Hey there, time traveller!
This article was published 26/2/2011 (2007 days ago), so information in it may no longer be current.
As the RCMP in Prince George, B.C., continues its arduous quest to solve the cases of a missing person and three murdered women, a civil liberties group is protesting the force’s strategy.
The troublesome files go back to 2006 with at least one link to B.C.’s infamous Highway of Tears and its murder toll, now 18 strong.
The fuss comes with an investigative approach sometimes known as blooding, a genetic fingerprint dragnet where samples of DNA are collected from a large target group for comparison with crime data. The B.C. Civil Liberties Association calls the move a violation of human rights. So far, about 400 samples have been taken, 100 from cab drivers.
The sample (an oral swab or blood from a finger prick) is voluntary and taken with written consent of the provider.
The counter-argument is it’s not voluntary because an individual who declines to provide a sample gets placed in the crosshairs of suspicion.
The same argument was made in 2003 when 10-year-old Holly Jones stole the national spotlight.
She had vanished from her Toronto neighbourhood and as the investigation laboured, police moved to asking for DNA en masse.
A Globe and Mail headline read, DNA sweep in Toronto alarms many.
Toronto should have been alarmed. Because Holly didn’t just disappear, she was taken.
She was abused, murdered, her body parts put into bags and tossed into Lake Ontario.
And like the criticism now being levelled at the RCMP, the argument against the Toronto sweep was the implication of unfairly becoming suspect.
Michael Briere, 35, refused to provide the Toronto investigation a sample and he did become a suspect. Of course, there was more.
While canvassing for samples, sharp-eyed cops, Andrew Teixeira and Jamie Clark, noted a carpet in Briere’s house that was a possible match for fibres significant to the investigation. No word whether anybody thought those observations trampled key rights.
When Toronto detectives secured some discard-DNA from Briere it was the beginning of his end and an eventual truckload of evidence led to a guilty plea and life sentence.
The strategy has been used in other highprofile cases in Canada but perhaps the most famous is a British case that sent Colin Pitchfork, a baker, to prison. The Blooding, written by former L.A. cop and renowned author Joseph Wambaugh, recounts firstever killings solved by DNA.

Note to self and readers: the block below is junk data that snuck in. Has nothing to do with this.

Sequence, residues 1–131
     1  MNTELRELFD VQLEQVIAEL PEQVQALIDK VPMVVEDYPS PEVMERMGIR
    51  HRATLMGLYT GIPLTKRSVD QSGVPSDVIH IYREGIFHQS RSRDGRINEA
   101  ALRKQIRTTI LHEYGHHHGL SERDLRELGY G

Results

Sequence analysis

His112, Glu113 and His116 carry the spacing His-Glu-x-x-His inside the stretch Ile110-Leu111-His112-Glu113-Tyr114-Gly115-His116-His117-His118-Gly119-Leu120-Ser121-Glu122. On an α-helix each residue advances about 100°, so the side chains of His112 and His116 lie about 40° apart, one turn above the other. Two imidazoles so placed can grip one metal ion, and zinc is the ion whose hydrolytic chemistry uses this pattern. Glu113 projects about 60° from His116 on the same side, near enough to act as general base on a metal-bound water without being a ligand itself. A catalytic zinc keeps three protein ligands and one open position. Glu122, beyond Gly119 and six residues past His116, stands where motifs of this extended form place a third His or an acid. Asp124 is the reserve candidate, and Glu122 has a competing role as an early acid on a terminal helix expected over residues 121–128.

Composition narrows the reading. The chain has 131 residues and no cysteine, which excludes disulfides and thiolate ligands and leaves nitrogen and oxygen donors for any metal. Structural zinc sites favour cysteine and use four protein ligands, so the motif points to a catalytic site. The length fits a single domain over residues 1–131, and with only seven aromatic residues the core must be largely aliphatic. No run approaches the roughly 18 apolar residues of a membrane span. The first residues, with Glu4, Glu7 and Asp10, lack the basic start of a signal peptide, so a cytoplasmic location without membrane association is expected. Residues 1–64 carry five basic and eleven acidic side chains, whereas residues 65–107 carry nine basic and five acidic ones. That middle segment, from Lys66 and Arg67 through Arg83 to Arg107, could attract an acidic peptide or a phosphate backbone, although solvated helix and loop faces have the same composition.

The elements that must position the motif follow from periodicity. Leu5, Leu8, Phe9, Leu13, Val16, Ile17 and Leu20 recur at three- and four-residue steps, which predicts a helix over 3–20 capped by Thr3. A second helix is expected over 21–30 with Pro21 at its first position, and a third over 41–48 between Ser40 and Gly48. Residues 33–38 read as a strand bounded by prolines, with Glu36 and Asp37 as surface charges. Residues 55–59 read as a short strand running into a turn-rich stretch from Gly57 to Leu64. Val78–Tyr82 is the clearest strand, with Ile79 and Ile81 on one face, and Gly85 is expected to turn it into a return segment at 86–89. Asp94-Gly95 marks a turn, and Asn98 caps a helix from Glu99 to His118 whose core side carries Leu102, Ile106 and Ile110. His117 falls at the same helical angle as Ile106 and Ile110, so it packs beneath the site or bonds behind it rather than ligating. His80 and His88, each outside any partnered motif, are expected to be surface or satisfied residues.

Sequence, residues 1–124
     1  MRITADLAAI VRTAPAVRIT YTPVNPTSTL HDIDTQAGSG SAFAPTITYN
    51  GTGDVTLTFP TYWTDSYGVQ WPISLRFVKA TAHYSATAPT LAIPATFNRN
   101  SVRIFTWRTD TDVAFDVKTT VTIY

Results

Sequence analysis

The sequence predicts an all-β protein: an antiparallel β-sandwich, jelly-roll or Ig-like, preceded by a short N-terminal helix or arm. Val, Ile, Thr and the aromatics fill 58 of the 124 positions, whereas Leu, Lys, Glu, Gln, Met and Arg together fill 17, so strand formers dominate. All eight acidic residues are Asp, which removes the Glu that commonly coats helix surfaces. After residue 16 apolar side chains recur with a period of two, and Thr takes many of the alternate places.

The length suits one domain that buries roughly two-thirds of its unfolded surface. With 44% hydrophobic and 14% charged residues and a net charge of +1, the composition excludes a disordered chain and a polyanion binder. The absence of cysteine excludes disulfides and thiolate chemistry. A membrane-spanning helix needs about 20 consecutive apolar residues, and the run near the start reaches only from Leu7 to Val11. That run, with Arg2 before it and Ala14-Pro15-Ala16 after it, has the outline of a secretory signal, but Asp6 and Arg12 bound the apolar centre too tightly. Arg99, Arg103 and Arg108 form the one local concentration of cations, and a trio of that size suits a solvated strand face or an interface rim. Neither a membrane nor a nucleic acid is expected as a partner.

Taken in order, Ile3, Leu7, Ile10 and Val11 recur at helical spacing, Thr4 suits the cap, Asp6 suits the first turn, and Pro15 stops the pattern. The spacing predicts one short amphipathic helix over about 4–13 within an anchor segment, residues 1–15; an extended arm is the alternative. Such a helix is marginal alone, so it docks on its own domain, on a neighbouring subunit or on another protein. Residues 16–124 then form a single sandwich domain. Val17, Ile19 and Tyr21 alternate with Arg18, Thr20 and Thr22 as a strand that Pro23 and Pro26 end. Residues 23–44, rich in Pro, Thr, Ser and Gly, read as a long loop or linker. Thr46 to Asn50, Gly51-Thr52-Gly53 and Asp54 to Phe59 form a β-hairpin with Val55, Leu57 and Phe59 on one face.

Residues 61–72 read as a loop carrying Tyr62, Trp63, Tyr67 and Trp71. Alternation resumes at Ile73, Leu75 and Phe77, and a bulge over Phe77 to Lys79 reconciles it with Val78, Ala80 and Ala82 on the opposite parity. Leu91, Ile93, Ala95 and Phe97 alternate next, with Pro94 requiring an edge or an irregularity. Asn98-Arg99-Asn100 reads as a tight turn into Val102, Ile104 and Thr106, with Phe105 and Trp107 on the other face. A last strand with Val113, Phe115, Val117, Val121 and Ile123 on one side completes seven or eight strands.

The true story is set in the mid-1980s and is about two young girls, slain three years apart. With DNA tracing in its very infancy there was a mass collection of thousands of samples that led to Pitchfork being found guilty and sentenced to 30 years. As importantly, it exonerated a dim fellow who had provided a convincing admission to one of the killings.
In the case of little Holly Jones, think of the fear that must have been in her 10-year old heart, trapped in a neighbour’s house, knowing she would never be going home, that her life was over.
For some, though, that’s secondary and support of the BC Civil Liberties Association is strong. One of the scores of comments logged in the Globe last week included this: "… most of us would rather live in a society where people get murdered once in a while, than in one where there is no privacy… " One of the dead in B.C.’s current investigation was just 14. "No privacy" means having your finger pricked and then carrying on.
Sometimes it’s embarrassing to be Canadian.
The law is a cold, blunt instrument, but we have nothing better. Courtrooms, where we test the law, are sterile places where evidence can spark emotion but where judgment must remain cool and unfettered. Investigation, too, must be objective and just as cool.
None of it should be sidelined by a professed indignation that is more obstructionist than progressive.
Some say putting science to work in this way is lazy policing. Others say DNA has revolutionized crime-fighting.
Some say a sweep puts us closer to a police state. Others, that it’s just a seldom-used tool that catches killers.
Many wish organizations such as B.C.’s watchdog group occasionally offered more public concern about the vulnerable souls that invariably fall prey to the sickest of society and less about its Orwellian fears.
Hope for many would be renewed if Manitoba’s task force reviewing the cases of missing and murdered women were in a position to consider a DNA dragnet. Perhaps then some of those civil libertarians could take a look into the eyes of those who have been suffering and waiting years for answers before twisting a benign intrusion of privacy into a human rights catastrophe.
Robert Marshall is a security consultant and a former Winnipeg police detective